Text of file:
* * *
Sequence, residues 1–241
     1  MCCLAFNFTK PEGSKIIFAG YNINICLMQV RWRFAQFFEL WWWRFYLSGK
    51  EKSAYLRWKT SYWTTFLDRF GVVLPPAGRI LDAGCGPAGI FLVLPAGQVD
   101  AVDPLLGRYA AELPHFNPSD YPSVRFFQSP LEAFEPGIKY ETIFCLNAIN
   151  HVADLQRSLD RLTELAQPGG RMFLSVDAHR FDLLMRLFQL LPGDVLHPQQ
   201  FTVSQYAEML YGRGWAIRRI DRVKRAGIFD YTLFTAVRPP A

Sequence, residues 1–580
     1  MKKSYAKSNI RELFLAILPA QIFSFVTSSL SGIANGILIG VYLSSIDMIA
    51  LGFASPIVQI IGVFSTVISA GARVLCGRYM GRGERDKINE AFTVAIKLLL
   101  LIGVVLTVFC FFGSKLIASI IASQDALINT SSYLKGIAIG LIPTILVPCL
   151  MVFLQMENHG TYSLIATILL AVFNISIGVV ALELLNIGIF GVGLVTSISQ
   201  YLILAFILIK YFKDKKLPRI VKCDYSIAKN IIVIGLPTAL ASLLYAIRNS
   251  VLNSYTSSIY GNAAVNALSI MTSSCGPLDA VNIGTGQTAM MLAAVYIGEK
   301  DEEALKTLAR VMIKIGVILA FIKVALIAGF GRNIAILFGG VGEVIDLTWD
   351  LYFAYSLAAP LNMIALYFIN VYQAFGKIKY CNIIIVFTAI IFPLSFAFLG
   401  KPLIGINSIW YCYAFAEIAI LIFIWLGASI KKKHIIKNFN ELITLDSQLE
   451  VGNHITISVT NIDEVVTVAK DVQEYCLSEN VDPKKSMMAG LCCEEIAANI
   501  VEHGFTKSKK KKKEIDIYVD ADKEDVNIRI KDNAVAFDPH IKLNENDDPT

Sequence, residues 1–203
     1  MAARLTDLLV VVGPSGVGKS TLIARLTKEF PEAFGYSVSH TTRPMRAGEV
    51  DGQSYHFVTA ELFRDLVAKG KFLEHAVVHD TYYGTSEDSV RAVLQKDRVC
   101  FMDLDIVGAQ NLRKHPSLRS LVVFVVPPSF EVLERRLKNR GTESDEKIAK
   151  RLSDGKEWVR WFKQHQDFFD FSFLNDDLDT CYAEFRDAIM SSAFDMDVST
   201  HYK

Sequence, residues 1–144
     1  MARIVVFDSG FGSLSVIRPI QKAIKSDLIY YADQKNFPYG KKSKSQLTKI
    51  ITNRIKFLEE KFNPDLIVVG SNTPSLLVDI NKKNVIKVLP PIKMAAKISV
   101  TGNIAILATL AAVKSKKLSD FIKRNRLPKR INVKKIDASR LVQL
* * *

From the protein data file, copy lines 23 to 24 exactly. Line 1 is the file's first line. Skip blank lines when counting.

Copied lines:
   151  RLSDGKEWVR WFKQHQDFFD FSFLNDDLDT CYAEFRDAIM SSAFDMDVST
   201  HYK